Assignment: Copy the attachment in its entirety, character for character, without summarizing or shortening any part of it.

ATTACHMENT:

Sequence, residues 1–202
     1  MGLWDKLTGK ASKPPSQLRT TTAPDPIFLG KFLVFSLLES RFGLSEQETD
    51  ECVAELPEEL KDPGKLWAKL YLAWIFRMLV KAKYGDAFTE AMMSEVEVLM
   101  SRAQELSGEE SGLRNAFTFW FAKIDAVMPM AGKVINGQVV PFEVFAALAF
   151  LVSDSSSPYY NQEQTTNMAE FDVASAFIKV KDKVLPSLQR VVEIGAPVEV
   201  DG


Sequence, residues 1–202
     1  MGLWDKLTGK ASKPPSQLRT TTAPDPIFLG KFLVFSLLES RFGLSEQETD
    51  ECVAELPEEL KDPGKLWAKL YLAWIFRMLV KAKYGDAFTE AMMSEVEVLM
   101  SRAQELSGEE SGLRNAFTFW FAKIDAVMPM AGKVINGQVV PFEVFAALAF
   151  LVSDSSSPYY NQEQTTNMAE FDVASAFIKV KDKVLPSLQR VVEIGAPVEV
   201  DG